With so many Americans living longer, more military veterans will eventually need long term care. Deciding how to pay for this is tough, and like buying life insurance, it's a benefit that we never really have to use. You might also think that your Tricare for Life Benefit will pay for long term care. According to "The Complete Idiot's Guide to Long-Term Care Planning," by Marilee Driscoll, Tricare pays nothing for long term care expenses, and the VA is of little benefit to middle class veterans. The truth is that you will likely need to supplement your Tricare benefit with additional money.
One way to pay for this is long term care insurance. The Federal Government has a program to provide effectively group coverage for military members, civil servants, and retirees who choose to participate. The Federal Long Term Care Insurance Program website will help you get an idea of what the coverage will cost.
Experts agree that it's important to add inflation adjustments to your plan. When I ran the numbers with and without the inflation adjustment the cost was 4 times as much. When you start a program like this one you are making a conscious decision to commit to insurance for life. Years of premium payments will be money that's not piled up for retirement expenses or other uses. It's similar to car or fire insurance. You hope you don't need it, but you also never get your money back. (Return of premium coverage is available, but may not be worth the added cost. Carefully review your offers before signing up for the benefit.)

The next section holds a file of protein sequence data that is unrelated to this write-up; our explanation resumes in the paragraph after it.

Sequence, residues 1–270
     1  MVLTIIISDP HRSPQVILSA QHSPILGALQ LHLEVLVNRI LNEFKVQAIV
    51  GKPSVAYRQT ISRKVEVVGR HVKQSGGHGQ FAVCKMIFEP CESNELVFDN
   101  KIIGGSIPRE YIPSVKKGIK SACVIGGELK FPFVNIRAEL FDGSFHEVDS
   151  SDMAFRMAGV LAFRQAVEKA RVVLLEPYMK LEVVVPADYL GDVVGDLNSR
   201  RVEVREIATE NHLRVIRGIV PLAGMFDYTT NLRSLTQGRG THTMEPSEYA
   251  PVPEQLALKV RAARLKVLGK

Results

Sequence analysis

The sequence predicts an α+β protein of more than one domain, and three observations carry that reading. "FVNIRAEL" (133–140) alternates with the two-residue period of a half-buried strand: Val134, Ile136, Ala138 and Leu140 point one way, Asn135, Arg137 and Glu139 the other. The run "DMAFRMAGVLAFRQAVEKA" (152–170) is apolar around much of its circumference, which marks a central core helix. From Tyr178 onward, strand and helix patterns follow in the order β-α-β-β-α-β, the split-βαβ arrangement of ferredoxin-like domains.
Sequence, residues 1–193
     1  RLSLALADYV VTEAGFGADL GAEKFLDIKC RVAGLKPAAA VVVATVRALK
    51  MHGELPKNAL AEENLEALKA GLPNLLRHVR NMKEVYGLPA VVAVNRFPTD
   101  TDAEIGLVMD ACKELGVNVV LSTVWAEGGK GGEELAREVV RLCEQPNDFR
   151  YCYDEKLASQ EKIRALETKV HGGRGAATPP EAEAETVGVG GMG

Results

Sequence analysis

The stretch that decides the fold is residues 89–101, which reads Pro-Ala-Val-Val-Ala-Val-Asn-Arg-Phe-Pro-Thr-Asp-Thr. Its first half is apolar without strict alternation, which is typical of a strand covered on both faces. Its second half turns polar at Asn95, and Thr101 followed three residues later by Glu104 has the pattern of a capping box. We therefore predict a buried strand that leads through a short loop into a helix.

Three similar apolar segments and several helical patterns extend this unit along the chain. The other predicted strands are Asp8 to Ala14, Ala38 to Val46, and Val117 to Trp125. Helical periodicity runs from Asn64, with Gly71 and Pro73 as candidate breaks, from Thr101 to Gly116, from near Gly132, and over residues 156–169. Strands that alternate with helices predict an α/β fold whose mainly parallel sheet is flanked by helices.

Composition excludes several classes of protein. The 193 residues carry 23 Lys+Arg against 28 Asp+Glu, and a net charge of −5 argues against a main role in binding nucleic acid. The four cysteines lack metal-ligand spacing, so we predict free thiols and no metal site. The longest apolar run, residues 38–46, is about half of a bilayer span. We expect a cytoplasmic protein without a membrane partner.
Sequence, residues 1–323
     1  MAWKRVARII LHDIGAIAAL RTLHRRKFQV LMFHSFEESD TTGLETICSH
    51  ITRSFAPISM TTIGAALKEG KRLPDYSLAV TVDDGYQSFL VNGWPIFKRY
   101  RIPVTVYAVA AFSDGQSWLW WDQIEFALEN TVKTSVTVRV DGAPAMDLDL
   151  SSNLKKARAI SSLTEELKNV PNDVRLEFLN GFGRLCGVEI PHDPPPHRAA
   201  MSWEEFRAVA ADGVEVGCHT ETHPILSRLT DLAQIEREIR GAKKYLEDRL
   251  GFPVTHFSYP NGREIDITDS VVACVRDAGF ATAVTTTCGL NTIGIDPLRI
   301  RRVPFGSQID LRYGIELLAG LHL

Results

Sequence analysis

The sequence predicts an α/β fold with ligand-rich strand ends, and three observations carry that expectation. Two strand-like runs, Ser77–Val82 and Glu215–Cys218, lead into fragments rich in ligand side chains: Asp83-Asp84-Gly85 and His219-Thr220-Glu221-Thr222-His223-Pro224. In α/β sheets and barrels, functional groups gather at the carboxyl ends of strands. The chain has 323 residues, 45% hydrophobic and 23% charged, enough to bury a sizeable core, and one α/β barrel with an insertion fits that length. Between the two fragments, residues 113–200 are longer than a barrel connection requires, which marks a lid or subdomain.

Some people are reluctant to sign up for long-term care programs because they are confident that Medicaid or Medicare will pick up their bills for care late in life. They might justify this sentiment by saying that they've paid taxes in over the years, and like Social Security, this is a benefit to which they are entitled. It has been suggested to me that facilities that accept Medicaid patients might not be the facility of choice when the time comes. You may want a wider variety of options if the need arrises.
Finally, there is one other consideration, your legacy. Your spouse might have to undergo agony twice, once during your time in long-term care, and after your death with the weight of the bills or the lack of assets. In addition, your heirs would also see their inheritance be obliterated by the costs of care in your final days. Long-term care insurance can protect you and those close to you. This fact may be enough to tip the risk scale in favor of paying for the coverage.